Have a transition activity. Whilst sitting down, legs crossed and eyes shut might seem a little new age for some of you. It does work! But you can employ other tactics or routines. Before you go to bed, we must get clean, read a book, brush our teeth. Whatever it is that works for you. But I would certainly encourage the quiet sitting!

We then move onto our drills. Now the key with anything that kids do, is positive encouragement. If you want them to enjoy something, if you see the worth in what is being taught in the class and know that it is a life skill or even life changing activity like our classes then there are a few key phrases that you can use and not use to ensure a love of that activity.

Do praise your child for how well they did and how well they tried.

Do ask your child what they enjoyed most about the class.

Do not criticise in any sort of way. Throughout a class I will give constructive criticism, helping them develop in one technique or another. They do not need criticism from yourselves at this time. They just need you to say how brilliant they’ve been trying and explore what they enjoyed most.

So moving this home, when you ask them to do something, help them to do it, if necessary. Show them how to do it the first time, help them do it the second time, and then start getting them to do it as much as possible.

If they get it wrong, so what. They’re learning literally thousands of things all of the time. We as adults praise ourselves if we learn one thing every day. Now times that by 1,000!! So when they do their shoelaces wrong, when the put their T shirt on the wrong way, who cares. Praise them for trying hard and help them correct for next time.

We do this with hand protection. When we ask them to put it away, I will sit by the kit bag. Wait for them to come over, but I won’t let them put the gloves away until they’re correctly paired.

I will teach them how to do it, unpair them, get them to do it, with assistance if necessary and very quickly they learn how to do it themselves. At this point, I praise them enthusiastically.

Make them do hard things. Now this is super important. Life is hard, school is hard, exams are hard. So teach them early on that life is tough. Not by making them go to work and earn a living at the age of 5. Just make them do things they don’t want to do or find tough.

Now think about the previous section. When you have made them do something tough, you don’t just give them a pat on the back and say well done, you make a huge thing of how well they’ve done.

They then get rewarded for effort.

So when they’re finding a class tough, or a club tough and don’t want to go anymore. Make them. You are the parent, you’re in charge, you know what’s best for them, so you decide. And when they overcome the thing they were finding tough, you celebrate and you celebrate!

We hold regular gradings celebrations, these are a chance for the kids to show off their stuff to the family and show what progress they’ve made. When they pass, we hope everyone celebrate the achievement.

We also have “Level Grades” these are a recap of the previous 3 colour belts. These are really tough and can only be passed with hard work and dedication at home and in class.

So kids will often try and quit at this time. This is the last thing you should allow them to do. They’re finding something hard and don’t want to work for it. But you know what lays around the corner. So make them go, make them practise and give them a carrot. So they know when they’ve passed the test they’re going to get X reward.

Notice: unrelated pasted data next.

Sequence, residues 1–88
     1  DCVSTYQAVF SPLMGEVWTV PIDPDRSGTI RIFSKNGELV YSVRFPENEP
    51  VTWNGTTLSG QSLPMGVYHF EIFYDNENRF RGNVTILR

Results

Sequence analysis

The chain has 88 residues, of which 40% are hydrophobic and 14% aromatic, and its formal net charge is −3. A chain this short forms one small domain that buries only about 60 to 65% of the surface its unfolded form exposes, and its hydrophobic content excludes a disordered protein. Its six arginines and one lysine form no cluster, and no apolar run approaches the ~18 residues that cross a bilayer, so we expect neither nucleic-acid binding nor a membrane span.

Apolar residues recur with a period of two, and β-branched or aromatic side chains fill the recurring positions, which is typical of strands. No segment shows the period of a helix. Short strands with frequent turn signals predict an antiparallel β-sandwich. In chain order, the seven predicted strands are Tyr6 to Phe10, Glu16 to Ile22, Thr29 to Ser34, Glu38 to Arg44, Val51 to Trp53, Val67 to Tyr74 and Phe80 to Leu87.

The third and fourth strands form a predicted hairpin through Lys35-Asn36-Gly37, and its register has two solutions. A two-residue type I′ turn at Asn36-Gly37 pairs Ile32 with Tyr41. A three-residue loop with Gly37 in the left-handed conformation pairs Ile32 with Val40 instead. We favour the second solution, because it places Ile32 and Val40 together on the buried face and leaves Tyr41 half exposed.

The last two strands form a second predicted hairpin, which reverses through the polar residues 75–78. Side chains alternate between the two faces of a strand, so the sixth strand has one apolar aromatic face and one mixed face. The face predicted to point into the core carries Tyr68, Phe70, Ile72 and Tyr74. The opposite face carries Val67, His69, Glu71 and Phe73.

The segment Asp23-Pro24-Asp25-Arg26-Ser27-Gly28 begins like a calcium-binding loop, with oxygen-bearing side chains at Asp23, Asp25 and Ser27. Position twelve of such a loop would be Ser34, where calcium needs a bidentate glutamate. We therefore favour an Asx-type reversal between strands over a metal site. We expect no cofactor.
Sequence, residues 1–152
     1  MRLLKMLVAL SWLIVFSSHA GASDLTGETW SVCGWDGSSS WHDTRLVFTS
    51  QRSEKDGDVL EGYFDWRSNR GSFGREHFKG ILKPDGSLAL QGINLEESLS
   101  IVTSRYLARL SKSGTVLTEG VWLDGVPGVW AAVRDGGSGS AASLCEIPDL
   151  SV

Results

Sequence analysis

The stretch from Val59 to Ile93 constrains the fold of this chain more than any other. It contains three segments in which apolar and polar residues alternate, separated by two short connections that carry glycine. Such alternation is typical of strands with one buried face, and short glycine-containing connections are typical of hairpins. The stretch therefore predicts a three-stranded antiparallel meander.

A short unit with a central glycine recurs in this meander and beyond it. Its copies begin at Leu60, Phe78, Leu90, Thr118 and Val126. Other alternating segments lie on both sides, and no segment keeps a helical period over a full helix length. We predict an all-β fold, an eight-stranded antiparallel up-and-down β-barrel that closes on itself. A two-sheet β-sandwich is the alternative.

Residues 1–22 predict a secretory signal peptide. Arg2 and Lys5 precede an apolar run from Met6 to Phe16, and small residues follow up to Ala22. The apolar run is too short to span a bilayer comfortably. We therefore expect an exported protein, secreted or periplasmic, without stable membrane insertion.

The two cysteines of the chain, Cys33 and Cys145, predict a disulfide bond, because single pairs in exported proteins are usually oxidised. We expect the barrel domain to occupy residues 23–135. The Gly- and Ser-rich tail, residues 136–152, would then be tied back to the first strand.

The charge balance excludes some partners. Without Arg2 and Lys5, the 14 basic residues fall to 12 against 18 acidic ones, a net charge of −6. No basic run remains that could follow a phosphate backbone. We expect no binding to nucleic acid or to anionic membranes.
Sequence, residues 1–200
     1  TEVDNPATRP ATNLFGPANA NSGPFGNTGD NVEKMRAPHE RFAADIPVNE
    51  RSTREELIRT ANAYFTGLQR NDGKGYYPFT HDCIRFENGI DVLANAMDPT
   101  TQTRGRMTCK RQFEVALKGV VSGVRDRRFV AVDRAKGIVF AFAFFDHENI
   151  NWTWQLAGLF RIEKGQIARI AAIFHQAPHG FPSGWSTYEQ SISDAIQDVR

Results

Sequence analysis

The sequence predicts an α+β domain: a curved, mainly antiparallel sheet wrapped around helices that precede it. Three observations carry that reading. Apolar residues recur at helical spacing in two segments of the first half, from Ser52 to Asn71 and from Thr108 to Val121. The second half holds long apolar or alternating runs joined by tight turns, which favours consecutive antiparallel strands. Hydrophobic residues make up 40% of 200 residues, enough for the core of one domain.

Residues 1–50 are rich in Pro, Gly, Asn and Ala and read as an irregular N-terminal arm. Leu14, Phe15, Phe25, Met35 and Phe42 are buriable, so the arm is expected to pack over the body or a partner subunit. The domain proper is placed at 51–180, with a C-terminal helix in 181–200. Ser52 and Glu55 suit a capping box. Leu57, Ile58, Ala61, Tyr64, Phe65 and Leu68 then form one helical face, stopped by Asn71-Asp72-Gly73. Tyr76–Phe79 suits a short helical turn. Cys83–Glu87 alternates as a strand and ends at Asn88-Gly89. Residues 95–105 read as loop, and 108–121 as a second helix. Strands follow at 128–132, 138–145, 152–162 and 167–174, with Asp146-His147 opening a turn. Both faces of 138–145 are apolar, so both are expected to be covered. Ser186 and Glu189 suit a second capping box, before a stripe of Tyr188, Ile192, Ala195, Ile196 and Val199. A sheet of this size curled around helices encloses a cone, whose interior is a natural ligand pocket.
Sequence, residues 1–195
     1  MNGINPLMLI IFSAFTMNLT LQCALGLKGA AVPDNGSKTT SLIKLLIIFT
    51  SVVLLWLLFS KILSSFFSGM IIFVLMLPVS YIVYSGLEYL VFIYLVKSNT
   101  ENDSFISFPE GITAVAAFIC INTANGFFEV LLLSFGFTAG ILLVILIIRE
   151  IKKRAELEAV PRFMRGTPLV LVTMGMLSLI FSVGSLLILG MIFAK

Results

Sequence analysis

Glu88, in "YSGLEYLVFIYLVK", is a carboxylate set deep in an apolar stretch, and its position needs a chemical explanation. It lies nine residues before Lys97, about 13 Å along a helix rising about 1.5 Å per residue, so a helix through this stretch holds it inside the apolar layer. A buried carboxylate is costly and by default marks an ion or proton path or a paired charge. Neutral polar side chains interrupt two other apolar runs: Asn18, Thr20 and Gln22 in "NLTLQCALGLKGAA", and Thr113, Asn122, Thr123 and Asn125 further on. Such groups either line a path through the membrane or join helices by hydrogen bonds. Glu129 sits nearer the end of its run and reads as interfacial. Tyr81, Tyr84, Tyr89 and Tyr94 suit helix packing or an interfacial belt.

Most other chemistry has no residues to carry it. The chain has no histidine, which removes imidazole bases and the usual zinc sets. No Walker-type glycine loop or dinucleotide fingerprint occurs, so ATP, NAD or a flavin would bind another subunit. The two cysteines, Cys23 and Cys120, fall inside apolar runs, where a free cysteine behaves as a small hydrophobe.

You then teach them the value of hard work, the value of studying, the value of perseverance. And what a boost to their confidence it will be when they pass.

Avoid failure. I have never failed a student. Sounds unlikely, but the reason for this is that I do a pre grading and only invite people who have passed the pre grading to test.

The pass % on pre grading is less than 50%! But this does mean that when they come, they can be confident that they will pass. They know that there is a high percentage chance they will get a new belt and be rewarded for their effort.

To apply this at home you can celebrate many things. A good school report, doing the washing up, making a nice cup of tea, going to bed on time, whatever it is you want them to improve on.

Carrots work better than sticks. So if you’re struggling to get your child to do X, give them an incentive of Y to get them to do X.

Consistency is absolutely key. Especially with special children like me. I need to have my routine. So our classes are always, Sit down, Warm up, Technical, Activity, Close range, Champions for life, game and star of the class.

More importantly we are consistent in our approach to the kids. I don’t lose my temper, I don’t blame the kids, I don’t scream or shout I am consistently consistent. The kids know this, they trust this and they build their confidence within this and its boundaries.

They will test the boundaries, they will try and get attention (this may be positive or negative, they don’t know the difference) and as long as I respond the same and I’m consistent and structured in my approach the entire time, they flourish.

This doesn’t mean I don’t laugh and joke, as I do. I’m consistently smiling, consistently laughing, I even pull faces at them to cheer them up. But I will also consistently help them, make their technique better, make them kick faster, harder, better. It is my job as an adult to improve them and pass on my knowledge and have fun.

I don’t go easy on them, I don’t let them off because they are only 5, I have my standards that I expect them to meet (they are different to what I expect from an adult). If you let them off and make it easy, they get lazy and then when school is tough, they want to quit.

By being consistent, praising and building confidence, they won’t want to quit. They will know that hard work brings its own rewards. It might just be sitting down with Mum and Dad and playing games or chatting, or watching TV together, doesn’t matter.

Reward the hard work, make them do the hard work and watch them flourish!

In summary:

  • Have fun with yours kids

  • Be consistent

  • Give your child attention (just for them, no phones!!)

  • Calm them down when necessary

  • Lots of encouragement, be constructive when necessary but reward trying and effort

  • Carrots work better than the stick, give them positive things to work towards

Let me know how it goes and if you have any other ideas?